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Jeremy Morgan

Mostly Coherent Ramblings of a Silicon Forest Software Developer

How to Build C# Apps on Your Raspberry Pi

Author: Jeremy Morgan

Raspberry Pi Newsletter

Want to run and build .Net applications on your Raspberry Pi? In this article I’ll show you how. With Mono you can develop and run .Net applications on your Raspberry Pi. I got a few emails about this, so I decided to create a quick tutorial.

What’s the Purpose here?

If you’re thinking of running your favorite Windows .Net applications, or setup a fancy ASP.NET server, you may be disappointed. While Mono does a great job and the Raspberry Pi performs great for what it is, I wouldn’t say this solution is ready for the big leagues, and definitely not something you want to do in a production or commercial environment.

If you want to tinker around and learn C#, and maybe build a few cool apps this is a great way to do it. The Raspberry Pi is a great tool for learning, and that’s the purpose of this project.

There are tons of MONO applications available in Raspbian but we’re only going to cover some basics.

Install Mono

Mono is an awesome project that brings .Net to Linux. It’s available for the Raspian image, and super easy to set up.

Update your repos:

sudo apt-get update

And install the Mono Runtime:

sudo apt-get install mono-runtime

This one could take a while. It updated a lot of stuff on my system.

sudo apt-get install mono-mcs

Note about MonoDevelop: You can install this on a soft float install of Raspian or Arch but it’s not the best performing application in these conditions. Mono still has a lot of problems with the Pi that need to be ironed out, and MonoDevelop is a long ways off.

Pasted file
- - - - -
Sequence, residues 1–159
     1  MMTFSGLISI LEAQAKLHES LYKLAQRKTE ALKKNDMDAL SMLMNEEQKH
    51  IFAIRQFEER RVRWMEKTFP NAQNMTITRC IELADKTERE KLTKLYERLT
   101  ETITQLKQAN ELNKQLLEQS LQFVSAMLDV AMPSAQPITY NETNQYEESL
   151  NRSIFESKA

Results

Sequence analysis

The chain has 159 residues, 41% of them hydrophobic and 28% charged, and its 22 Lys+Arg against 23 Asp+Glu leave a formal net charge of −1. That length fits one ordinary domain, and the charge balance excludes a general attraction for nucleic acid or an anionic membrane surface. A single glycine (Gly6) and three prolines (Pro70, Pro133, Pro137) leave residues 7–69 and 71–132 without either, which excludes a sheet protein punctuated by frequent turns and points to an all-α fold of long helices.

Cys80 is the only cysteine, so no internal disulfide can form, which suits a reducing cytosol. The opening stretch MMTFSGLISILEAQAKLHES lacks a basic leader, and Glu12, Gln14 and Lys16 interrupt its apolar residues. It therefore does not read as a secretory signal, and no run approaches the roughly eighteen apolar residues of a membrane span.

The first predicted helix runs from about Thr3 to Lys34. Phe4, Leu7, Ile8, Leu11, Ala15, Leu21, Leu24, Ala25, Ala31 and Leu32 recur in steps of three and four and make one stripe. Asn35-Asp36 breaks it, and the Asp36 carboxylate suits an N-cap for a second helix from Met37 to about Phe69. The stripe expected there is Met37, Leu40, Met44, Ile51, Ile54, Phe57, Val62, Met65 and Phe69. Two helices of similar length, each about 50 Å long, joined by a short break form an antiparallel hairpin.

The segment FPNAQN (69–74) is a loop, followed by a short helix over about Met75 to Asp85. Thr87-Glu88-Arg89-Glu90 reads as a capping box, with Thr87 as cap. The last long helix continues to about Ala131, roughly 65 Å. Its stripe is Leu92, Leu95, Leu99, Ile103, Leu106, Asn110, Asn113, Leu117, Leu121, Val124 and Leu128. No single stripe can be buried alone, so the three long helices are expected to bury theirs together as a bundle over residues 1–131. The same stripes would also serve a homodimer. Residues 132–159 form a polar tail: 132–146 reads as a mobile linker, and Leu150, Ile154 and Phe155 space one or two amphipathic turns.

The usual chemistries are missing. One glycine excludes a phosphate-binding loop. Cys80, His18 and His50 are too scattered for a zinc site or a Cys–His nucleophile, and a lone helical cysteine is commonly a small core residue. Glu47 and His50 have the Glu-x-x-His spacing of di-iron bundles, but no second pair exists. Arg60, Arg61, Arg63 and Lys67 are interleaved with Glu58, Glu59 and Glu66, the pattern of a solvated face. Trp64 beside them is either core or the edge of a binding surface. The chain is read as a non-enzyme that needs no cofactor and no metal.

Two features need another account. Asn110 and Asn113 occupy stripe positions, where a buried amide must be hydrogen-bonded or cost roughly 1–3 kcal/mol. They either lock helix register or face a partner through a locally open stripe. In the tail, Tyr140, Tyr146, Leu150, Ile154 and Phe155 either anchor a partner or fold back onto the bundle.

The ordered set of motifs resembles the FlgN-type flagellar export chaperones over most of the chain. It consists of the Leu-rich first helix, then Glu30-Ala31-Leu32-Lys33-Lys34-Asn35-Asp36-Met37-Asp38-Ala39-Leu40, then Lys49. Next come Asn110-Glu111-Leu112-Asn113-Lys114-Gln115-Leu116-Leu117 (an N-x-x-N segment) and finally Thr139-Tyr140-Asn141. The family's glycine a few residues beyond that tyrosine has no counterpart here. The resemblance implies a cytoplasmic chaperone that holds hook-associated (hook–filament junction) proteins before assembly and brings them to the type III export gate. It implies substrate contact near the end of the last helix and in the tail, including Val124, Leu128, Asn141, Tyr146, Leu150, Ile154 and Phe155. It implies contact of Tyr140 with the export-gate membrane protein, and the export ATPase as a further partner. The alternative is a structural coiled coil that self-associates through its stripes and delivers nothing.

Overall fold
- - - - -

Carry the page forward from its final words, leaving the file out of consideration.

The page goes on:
C# Newsletter

Build a quick application.

Load up LeafPad (or whatever your favorite text editor is) and create a file called monotest.cs and save it somewhere where you’ll find it.

Enter the following code:

using System;

namespace Test
  class Program
      public static void Main()
          Console.WriteLine("Hello! This is a Mono app running on {0}", Environment.OSVersion);

Now, open up an LX Terminal and go to where this file is located (I just put it in a folder called monotest as well). Type in the following:

mcs monotest.cs

This should only take a couple seconds. Then list the files in your directory (using the ls command) you will see a new file:


Now, you can run the monotest.exe by typing in:

mono monotest.exe

You will see something like this:

And you’re ready to go! If you see this, that means it worked.

Raspberry Pi Newsletter

So what can you do now?

You can write basic C# console applications all day with this setup. You can build neat automation items, and even some GUI stuff if you really want to dig into it. You can write .Net 1.0 - 4.0 applications with varying success. The most valuable thing you do is learn some C# basics and experiment like crazy.

C# is one of my favorite languages, so it’s awesome to see options for playing with it without being forced to use Windows and Visual Studio, which are great tools but expensive for hobbyists. As I said this is nowhere near something for production use, but excellent for tinkering and learning which is of course what the Raspberry Pi is all about!

My New Course: Hands on Internet of Things with the Raspberry Pi

Internet of Things

I have just released my new course titled ”Hands on Internet of Things” which is intended to be a course for people who want to get started with IoT. I’ll take you through blinking lights and reading sensors to creating YOUR own IoT endpoint and dashboard. I’m offering this special coupon for readers of my site: get %50 off this course here. Thanks for being a reader!

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